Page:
Before Shin, Kim’s and Jo’s fiction was regarded as pioneering works which gained positive reviews in the U.S. and European markets in 2005 when contemporary Korean literature was almost unnoticed in the world.
However, the agent said that it is a pity that now there are few literary pieces to be introduced in other countries after Shin’s blockbuster hit. “The domestic publication market is now suffering from the lack of bestselling literary works like Shin’s novel. But at the same time, we might fail to discover hidden literary gems due to the current structure of the publication industry dominated by trendy genres,” he said.
Many publishers tend to generate similar books such as “healing” essays or self-help books, from some 10 years ago. “Such a trend seems to hamper discovering talented authors and quality works. Discovering a good work here is crucial for exporting literature to other countries,” he said.
Lack of literary translators
As many critics point out numerous times, finding skillful translators is the most daunting task particularly when it comes to translating literary works than any other genres. “It is obvious that if Koreans, even if they are superb in English, translate literary works into English, it seems very awkward to read for English-speaking readers. It is best for native English speakers who have a good command in Korean to translate them,” he said.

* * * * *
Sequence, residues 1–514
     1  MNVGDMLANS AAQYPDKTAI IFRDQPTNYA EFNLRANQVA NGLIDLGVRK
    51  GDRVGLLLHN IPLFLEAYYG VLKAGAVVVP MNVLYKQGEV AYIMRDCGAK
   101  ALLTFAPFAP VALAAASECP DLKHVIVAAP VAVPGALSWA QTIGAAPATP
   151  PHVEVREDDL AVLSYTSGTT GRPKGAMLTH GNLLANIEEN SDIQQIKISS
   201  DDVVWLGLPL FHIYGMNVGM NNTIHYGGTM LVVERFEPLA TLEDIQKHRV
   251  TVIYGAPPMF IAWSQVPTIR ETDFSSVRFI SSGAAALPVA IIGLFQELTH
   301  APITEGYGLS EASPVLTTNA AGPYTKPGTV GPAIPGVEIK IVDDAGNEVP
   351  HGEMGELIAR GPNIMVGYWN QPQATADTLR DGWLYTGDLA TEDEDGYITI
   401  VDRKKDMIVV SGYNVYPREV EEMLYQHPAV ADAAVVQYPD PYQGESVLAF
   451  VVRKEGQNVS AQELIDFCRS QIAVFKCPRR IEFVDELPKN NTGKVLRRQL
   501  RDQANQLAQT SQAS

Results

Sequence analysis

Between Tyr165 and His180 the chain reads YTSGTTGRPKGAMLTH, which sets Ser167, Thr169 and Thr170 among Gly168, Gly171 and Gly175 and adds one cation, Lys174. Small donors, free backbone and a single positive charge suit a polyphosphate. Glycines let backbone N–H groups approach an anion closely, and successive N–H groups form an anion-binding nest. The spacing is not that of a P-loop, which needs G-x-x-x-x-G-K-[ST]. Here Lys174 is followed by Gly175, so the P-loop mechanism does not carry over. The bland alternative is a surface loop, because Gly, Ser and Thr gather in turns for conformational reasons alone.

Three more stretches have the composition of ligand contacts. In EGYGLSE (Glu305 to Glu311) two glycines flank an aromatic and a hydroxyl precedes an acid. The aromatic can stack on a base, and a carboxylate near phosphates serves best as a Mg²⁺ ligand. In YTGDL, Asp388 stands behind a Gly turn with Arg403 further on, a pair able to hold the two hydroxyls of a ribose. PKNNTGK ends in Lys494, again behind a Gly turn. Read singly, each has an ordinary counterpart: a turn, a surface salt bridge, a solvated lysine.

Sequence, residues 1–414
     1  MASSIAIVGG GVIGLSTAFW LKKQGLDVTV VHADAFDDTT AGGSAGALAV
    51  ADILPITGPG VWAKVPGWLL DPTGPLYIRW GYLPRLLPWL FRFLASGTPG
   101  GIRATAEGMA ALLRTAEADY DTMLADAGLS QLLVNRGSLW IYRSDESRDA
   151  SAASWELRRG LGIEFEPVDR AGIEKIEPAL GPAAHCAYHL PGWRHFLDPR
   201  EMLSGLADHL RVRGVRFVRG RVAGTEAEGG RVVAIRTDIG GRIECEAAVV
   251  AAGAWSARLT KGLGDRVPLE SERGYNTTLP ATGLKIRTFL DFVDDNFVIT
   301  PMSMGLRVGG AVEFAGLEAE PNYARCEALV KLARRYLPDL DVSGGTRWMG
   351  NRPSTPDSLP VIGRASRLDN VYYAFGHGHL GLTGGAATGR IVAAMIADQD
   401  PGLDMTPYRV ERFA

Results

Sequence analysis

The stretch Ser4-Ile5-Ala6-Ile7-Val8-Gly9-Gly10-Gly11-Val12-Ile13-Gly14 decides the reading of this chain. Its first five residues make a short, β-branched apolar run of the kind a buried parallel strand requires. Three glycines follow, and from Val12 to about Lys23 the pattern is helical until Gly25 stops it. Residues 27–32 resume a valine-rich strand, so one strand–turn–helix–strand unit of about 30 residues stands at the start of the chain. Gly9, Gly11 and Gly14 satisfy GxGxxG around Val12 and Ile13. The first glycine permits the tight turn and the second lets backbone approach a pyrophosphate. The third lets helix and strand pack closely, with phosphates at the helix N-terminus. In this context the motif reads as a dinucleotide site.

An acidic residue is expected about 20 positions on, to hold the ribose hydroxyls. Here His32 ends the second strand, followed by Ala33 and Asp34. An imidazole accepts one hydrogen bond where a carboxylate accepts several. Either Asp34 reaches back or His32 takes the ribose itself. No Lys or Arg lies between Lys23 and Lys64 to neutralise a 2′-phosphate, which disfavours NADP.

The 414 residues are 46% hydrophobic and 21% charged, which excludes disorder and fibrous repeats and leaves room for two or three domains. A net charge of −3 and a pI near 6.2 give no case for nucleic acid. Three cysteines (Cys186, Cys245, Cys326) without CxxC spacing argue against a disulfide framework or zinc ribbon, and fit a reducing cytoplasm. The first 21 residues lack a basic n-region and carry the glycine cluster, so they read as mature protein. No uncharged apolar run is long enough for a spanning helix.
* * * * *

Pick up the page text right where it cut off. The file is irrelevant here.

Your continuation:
Japan has a translation agency with a large pool of veteran translators but Korea lags behind in training literary translators. There are only a handful of experienced literary translators such as Kim Chi-young who worked on Shin’s and Kim’s novels.
“Even if there is a good story, if not properly translated, it can’t be sold from the start. Even just the rough draft translation for the introduction of the book is very crucial to appeal to the foreign agency,” he said.
Role of literary agency
When exporting literary rights to other countries, the agency plays a key role in representing authors and their works for foreign counterparts. In Korea, the literary agency is less known as many publishers are doing this with their in-house teams.
However, it is important to use a local literary agency to gain access to worldwide networks and to protect the rights of authors.
“By individual, Koreans are extremely well-performing in various fields. But most of them are unnoticed because the system doesn’t support them well. We are helping them gain the right appreciation both at home and abroad,” he said.
Kim said that this job is already well-known in other advanced countries but in Korea it is beginning to be noticed since Shin’s novel. “This is a promising job in the future as Korean literature has yet to be well known to other countries,” he said.
The agency not only introduces established authors to overseas markets but also discovers potential or rising authors and helps them debut on the world stage.
Now the company is preparing to make rising author Yoon Seo-jeok’s work debut in the foreign markets. Yoon’s “Seoulite Affair” is set in the nation’s capital and the plan is to make it into a film first.